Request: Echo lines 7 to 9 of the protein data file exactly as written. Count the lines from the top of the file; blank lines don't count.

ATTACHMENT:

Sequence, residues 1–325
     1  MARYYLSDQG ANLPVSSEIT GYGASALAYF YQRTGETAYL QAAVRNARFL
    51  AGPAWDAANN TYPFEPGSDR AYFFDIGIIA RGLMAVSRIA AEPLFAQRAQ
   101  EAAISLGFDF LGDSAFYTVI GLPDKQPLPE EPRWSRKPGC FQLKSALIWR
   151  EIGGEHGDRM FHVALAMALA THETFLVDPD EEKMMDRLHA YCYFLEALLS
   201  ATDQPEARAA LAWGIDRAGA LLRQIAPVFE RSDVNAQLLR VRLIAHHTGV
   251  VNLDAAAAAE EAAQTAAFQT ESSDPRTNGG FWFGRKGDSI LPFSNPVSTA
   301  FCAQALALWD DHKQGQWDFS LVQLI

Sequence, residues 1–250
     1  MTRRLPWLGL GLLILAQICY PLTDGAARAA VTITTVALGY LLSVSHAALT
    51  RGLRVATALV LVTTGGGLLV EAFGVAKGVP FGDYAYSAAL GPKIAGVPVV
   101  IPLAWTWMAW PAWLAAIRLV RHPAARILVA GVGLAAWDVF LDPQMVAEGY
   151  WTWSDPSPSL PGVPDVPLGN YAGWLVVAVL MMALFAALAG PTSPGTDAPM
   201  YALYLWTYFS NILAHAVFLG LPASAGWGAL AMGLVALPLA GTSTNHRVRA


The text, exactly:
   251  VNLDAAAAAE EAAQTAAFQT ESSDPRTNGG FWFGRKGDSI LPFSNPVSTA
   301  FCAQALALWD DHKQGQWDFS LVQLI

Sequence, residues 1–250